‘Extravant eating and drinking has never been part of Chinese culture’ (!)

File picture of Chinese banquet

File picture of Chinese banquet

Over the last year, high-end restaurants in China have been struck as if by lightning by President Xi Jinping’s ‘anti-corruption campaign’ and ban on dining out at government expense. ‘People in China are used to such political campaigns,’ one friend of mine told me, ‘But normally they drop off after a while. No one expected the ban on expense-account feasting to last this long.’

Officials in China are paranoid about being caught breaking the rules: these days, all it takes to ruin a reputation, and perhaps a career, is a meddlesome citizen with a smartphone camera, hovering outside the restaurant as you sneak out after eating your shark’s fin soup.

One expat friend of mine in Beijing said he’d been having a perfectly innocent dinner with some high-ranking officials to celebrate a charitable venture, and they had to stay inside the restaurant for half an hour after the meal while some lackeys scoured the streets for curious bystanders – only when they were satisfied that the coast was clear were the VIPs willing to make a dash from the expensive restaurant to their official cars. He also said one company he knew had opened its own club – in effect, a bar and restaurant with a chef and kitchen staff, in an upper floor of a normal-looking office building, so they could wine and dine officials without anyone noticing. Another friend who works in a smart hotel says there is a special lift from the carpark to the private dining rooms, so that VIP guests do not have to pass through the lobby on their way to dinner.

In such a climate, it’s not surprising that fancy restaurants are feeling the pinch. But even so, a chef friend of mine was incredulous to hear that the Chinese Commerce Minister had denied that extravagant dining had ever been part of Chinese culture! Extravagant dining was practically invented in China. This is a country, after all, in which ancient sages could explain their philosophy in terms of the impossibility of having both fish and bear’s paw. And look at this invocation, written two and a half thousand years ago, which aimed to lure back the souls of the dead through its mouthwatering descriptions of exotic delicacies:

Stewed turtle and roast kid, served up with yam sauce;

Geese cooked in sour sauce, casseroled duck, fried flesh of the great crane;

Braised chicken, seethed tortoise, high-seasoned, but not to spoil the taste;

Fried honey-cakes of rice flour and malt-sugar sweetmeats…

(Qu Yuan, in The Songs of the South – Penguin Classics)

Anyway, the Commerce Minister was clearly wiping such seditious ideas from his mind when he answered questions from reporters earlier this month. The following is my translation of a report from the Legal Evening News, sent to me by the incredulous chef (Chinese version below):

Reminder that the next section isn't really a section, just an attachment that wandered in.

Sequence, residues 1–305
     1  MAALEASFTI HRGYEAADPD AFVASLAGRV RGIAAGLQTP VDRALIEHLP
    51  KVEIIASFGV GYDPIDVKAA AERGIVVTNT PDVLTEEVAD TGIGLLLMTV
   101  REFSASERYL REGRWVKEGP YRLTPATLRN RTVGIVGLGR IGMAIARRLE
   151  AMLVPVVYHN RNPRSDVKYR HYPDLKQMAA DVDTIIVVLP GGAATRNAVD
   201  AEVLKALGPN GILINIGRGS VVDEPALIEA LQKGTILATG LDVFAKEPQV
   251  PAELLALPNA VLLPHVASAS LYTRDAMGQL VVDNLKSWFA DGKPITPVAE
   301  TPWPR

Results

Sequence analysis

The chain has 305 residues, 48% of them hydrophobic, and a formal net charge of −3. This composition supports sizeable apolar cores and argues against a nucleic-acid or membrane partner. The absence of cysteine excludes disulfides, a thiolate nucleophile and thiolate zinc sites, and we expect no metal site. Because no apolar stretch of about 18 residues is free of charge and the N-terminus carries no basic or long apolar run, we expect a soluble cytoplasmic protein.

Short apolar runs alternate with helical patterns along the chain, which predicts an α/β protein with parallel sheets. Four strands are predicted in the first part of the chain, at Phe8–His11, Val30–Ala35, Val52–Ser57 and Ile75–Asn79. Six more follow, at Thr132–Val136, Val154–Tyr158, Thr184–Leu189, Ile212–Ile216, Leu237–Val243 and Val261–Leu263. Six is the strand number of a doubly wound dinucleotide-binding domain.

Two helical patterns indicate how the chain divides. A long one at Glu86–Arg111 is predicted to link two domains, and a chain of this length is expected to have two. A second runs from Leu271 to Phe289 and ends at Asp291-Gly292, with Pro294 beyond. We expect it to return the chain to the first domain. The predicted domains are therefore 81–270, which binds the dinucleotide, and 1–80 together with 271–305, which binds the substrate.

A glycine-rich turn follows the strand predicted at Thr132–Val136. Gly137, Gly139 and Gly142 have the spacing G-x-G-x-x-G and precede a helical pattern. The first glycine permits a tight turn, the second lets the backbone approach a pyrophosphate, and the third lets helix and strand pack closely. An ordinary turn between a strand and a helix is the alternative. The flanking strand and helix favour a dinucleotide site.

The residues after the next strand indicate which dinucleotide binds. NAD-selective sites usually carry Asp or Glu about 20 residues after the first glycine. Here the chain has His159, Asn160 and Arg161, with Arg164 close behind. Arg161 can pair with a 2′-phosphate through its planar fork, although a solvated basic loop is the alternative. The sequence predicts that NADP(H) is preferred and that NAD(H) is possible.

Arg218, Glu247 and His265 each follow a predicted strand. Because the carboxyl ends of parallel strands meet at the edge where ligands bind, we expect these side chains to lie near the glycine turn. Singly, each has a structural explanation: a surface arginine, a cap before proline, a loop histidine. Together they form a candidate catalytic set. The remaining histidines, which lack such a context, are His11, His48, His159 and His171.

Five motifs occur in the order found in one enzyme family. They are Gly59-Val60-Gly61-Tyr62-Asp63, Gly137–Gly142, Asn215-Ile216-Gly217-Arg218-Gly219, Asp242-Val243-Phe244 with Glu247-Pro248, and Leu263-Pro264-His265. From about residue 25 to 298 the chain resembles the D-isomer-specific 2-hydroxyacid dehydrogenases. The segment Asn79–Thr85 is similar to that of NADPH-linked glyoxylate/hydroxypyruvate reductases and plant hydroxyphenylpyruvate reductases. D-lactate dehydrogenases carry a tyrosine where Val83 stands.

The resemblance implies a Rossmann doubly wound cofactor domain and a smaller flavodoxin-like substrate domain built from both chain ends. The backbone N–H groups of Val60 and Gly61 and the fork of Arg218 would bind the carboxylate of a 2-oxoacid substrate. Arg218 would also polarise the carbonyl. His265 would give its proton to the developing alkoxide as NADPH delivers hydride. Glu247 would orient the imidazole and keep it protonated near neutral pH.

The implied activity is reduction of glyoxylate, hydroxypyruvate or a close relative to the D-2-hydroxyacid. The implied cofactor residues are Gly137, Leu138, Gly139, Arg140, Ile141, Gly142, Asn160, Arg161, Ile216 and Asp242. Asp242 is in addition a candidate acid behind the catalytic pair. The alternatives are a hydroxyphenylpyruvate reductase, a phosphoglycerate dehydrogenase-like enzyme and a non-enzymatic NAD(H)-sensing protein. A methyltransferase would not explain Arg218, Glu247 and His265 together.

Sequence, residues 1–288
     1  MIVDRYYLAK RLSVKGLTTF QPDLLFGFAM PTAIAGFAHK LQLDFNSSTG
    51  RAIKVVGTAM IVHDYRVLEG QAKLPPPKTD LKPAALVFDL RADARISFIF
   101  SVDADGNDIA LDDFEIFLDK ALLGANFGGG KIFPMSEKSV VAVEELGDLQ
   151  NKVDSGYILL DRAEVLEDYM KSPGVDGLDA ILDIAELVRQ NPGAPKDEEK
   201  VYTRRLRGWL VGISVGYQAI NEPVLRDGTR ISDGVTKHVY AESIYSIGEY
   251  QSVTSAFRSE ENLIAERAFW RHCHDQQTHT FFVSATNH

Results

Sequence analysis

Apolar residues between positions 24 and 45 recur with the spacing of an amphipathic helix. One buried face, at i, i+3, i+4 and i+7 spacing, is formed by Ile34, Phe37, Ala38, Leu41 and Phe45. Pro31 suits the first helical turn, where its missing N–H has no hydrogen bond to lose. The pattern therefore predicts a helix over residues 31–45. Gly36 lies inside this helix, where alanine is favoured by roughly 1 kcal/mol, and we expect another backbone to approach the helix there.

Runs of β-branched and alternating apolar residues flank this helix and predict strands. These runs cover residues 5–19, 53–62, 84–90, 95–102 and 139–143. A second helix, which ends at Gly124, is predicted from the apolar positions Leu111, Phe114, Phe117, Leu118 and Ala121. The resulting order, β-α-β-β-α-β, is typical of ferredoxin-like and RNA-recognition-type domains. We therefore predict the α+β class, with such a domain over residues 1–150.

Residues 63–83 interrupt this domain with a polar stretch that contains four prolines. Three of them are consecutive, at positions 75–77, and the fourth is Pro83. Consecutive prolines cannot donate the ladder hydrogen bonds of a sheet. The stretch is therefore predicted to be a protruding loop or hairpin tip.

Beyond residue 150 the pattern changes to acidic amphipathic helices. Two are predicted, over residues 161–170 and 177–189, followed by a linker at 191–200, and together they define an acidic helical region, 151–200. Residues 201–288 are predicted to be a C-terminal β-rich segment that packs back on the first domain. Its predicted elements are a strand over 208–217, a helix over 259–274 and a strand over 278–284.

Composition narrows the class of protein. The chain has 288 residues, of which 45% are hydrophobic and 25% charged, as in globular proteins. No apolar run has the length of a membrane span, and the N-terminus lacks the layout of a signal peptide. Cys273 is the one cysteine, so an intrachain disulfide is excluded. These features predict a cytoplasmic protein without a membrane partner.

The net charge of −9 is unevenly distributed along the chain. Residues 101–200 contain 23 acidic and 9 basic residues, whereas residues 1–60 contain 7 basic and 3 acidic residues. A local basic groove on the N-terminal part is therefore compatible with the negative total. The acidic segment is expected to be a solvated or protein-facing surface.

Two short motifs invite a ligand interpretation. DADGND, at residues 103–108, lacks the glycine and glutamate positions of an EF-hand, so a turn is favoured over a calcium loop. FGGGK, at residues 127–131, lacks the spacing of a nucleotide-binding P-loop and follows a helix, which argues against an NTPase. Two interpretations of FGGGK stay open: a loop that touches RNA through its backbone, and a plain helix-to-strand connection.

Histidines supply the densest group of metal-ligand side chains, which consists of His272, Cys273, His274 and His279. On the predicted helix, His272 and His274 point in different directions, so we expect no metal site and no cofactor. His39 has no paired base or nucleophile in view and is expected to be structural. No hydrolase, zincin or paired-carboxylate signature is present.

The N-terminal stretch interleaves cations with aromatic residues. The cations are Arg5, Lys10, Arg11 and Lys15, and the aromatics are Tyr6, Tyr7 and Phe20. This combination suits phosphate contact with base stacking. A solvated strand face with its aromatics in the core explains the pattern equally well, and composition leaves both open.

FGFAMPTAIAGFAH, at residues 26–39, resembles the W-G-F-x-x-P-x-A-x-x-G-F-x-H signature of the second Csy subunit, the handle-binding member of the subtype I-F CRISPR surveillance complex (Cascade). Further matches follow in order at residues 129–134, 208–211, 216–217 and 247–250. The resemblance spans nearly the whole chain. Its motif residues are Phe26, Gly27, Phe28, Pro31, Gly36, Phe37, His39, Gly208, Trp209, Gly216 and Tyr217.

2014-03-07 Legal Evening News

At nine o’clock this morning, Commerce Minister Gao Hucheng answered questions from Chinese and foreign reporters about ‘Commercial Development and Opening Up to the Outside World’. At the end of the news conference, Minister Gao Hucheng turned around just before leaving, and answered this newspaper’s question about the fall in high-end food and drink consumption. He said that the fall in high-end food and drink consumption was a good thing, and said that high-end food and drink consumption had never been part of Chinese culture!

You can see from the exclamation mark at the end of the report that the journalist found Mr Gao’s comment as staggering and ridiculous as my friend. And this blatant official denial of history makes one understand why some people say the current anti-corruption campaign has some  disturbing resonances with the Cultural Revolution.

[2014两会快讯:商务部长回应本报高端餐饮消费

发布:2014-03-07 10:28:31作者:法制晚报

#2014两会快讯#【商务部长回应本报高端餐饮消费】上午9点,商务部部长高虎城就”商务发展与对外开放”的相关问题回答中外记者的提问。发布会近尾声,高虎城临走前转身留步,回应本报记者关于高端餐饮消费下降问题.他表示,高端餐饮消费下降是件好事,高端餐饮消费在中国从来不是一种文化!(记者王南陈斯 白冰)]

4 Responses to “‘Extravant eating and drinking has never been part of Chinese culture’ (!)”

  1. Ben

    Whoever has seen beyond the nice surface knows that in East Asia, “extravagant dining” means of course “including prostitutes”, it has nothing to do with the meal itself.
    It’s just one of the many euphemisms used to keep things “running smoothly”.
    I do understand that China wants to cut down on this.

  2. Helle

    “Officials in China are paranoid about being caught breaking the rules: these days, all it takes to ruin a reputation, and perhaps a career, is a meddlesome citizen with a smartphone camera, hovering outside the restaurant as you sneak out after eating your shark’s fin soup.”

    Good, I find, for too long have officials and politicians been ripping off the Chinese public, about time more money is spent where it should be and not on cars, dinners, watches and whatnot.

  3. Eric

    Traveling to Chengdu last August we were taken to a Hot Pot restaurant that was clearly upscale, and the place was less than half full. Our guide explained, just as Fuchsia reports, that the most visible crackdown on corruption has been on the dining habits of government officials who would normally fill a restaurant like that. Our guide felt that the crackdown on lavish government financed meals was good, but he also felt the overnight implementation of the crackdown was hurting many good restaurants.

  4. Michelle

    LOL. I live in Thailand, and every Chinese-Thai I know loves extravagant dining. I even used to work for a Thai-Chinese company and couldn’t believe what they served us for company dinners (shark fin soup etc). So, yes, I’d say there’s a bit of fabrication going on here :)

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